(NBC NEWS) — Does justice delayed for five years still count as justice? Is losing your job sufficient punishment for homicide? Of course not. But when cops are the criminals, and people of color are the victims of their abuse, often there is no equal justice under the law.
Five years is how long it took for the New York Police Department to suspend Daniel Pantaleo, the officer who placed Eric Garner in a chokehold, a discredited law enforcement maneuver in which pressure is put on the subject’s neck to force compliance. NYPD officers have been banned from using chokeholds since 1993, because of the high risk of strangulation. (Pantaleo denies using a chokehold.)
Five years is how long it took for officials — a New York administrative judge, and on Monday, New York’s police commissioner — to finally acknowledge what activists and politicians had been saying for years: that at the very least, Pantaleo did not deserve to serve as a police officer in New York.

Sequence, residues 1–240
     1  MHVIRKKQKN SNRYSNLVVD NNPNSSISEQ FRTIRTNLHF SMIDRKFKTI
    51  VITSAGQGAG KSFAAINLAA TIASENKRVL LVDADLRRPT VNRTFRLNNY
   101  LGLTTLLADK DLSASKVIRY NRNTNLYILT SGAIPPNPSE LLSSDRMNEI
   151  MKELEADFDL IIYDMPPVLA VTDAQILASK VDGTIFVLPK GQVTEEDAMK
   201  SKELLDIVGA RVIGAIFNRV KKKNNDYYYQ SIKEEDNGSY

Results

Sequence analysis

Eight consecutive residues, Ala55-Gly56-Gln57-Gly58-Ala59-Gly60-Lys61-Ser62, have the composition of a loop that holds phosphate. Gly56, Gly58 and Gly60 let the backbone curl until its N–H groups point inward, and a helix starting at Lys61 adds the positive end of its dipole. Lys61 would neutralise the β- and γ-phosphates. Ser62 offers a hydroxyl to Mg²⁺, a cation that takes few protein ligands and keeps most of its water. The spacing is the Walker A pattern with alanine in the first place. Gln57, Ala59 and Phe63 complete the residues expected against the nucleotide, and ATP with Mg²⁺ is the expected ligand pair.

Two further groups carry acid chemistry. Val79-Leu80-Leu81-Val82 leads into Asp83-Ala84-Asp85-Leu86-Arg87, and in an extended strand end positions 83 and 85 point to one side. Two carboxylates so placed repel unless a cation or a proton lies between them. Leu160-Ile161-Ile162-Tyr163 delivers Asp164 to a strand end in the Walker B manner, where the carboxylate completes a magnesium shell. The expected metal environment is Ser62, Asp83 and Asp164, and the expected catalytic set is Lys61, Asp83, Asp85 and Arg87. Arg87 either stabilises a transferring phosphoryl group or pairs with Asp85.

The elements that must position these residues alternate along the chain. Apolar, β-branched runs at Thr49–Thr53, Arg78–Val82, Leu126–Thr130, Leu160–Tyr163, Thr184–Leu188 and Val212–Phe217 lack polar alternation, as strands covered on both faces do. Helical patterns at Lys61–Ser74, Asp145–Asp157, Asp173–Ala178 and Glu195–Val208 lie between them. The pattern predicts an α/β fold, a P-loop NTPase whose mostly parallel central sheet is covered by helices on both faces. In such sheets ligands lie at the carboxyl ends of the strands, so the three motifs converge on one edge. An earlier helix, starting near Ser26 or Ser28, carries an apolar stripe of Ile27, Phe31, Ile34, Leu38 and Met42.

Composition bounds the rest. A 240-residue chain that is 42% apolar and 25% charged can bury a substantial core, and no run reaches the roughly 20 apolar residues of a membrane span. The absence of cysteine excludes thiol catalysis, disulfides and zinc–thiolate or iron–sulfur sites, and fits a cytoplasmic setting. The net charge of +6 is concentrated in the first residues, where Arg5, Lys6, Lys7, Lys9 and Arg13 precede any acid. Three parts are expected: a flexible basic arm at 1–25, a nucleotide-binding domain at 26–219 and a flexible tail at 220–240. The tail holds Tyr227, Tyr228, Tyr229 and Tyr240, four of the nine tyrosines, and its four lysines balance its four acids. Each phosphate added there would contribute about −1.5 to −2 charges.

In July 2014, Pantaleo was arresting Garner for allegedly selling “loosies” — untaxed single cigarettes — in a park in Staten Island. Garner put his hands up, and the whole world has seen what happened next. Several officers tackled Garner, knocking him to the ground, where Pantaleo restrained Garner by placing his hands on Garner’s neck. Garner said “I can’t breathe” 11 times and then died on the hard, concrete street.
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